Agencies tasked with domestic violence planning
Federal agencies have 4 months to develop policies to address the impact of domestic violence, sexual assault and stalking in the workplace, including support plans for workers affected by such violence.
In a Feb. 8 memo, Office of Personnel Management Director John Berry gave agencies 120 days to develop policies that include employee assistance programs, punitive actions against employees who engage in these behaviors, time off or flexible working schedules for victims, and workplace security requirements.
Berry's memo notes that "some agencies have already taken steps to address these issues" and that the recommendations OPM guidance (.pdf) incorporate some of those steps. The guidance not only addresses an agency's role, but also how to work with groups such as unions and law enforcement.
While it calls for the development of various teams, such as one to assess workplace incidents, and for new record keeping systems, the guidance does not state how agencies are to pay for the programs or any needed systems.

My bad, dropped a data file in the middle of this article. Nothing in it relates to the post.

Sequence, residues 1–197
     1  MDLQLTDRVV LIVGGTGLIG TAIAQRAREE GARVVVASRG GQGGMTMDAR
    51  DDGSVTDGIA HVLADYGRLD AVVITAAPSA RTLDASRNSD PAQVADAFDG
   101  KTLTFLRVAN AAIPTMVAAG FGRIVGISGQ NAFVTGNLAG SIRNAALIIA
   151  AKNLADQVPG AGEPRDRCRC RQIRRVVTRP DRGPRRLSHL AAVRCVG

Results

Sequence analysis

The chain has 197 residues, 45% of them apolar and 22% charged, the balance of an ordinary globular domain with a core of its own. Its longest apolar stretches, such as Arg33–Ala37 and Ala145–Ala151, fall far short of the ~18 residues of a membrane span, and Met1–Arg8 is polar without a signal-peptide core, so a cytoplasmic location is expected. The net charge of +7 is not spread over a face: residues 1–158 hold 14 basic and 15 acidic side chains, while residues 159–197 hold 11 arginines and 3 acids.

Berry said the information is being provided under direction of an April 18, 2012 presidential memo that asked the Office of Personnel Management "to issue guidance to agencies on the content of agency-specific policies… to prevent domestic violence and address its effects on the federal workforce."
The presidential memo cites data from the Center for Disease Control and Prevention that says domestic violence costs the nation $8 billion each year in lost productivity and health care costs.
To help agencies develop policies and programs, OPM will host a series of webinars with the Justice and Health and Human Services departments on domestic violence and the role of employers and workplace security.
Final policies must be set by agencies within 6 months after submitting an initial draft to OPM.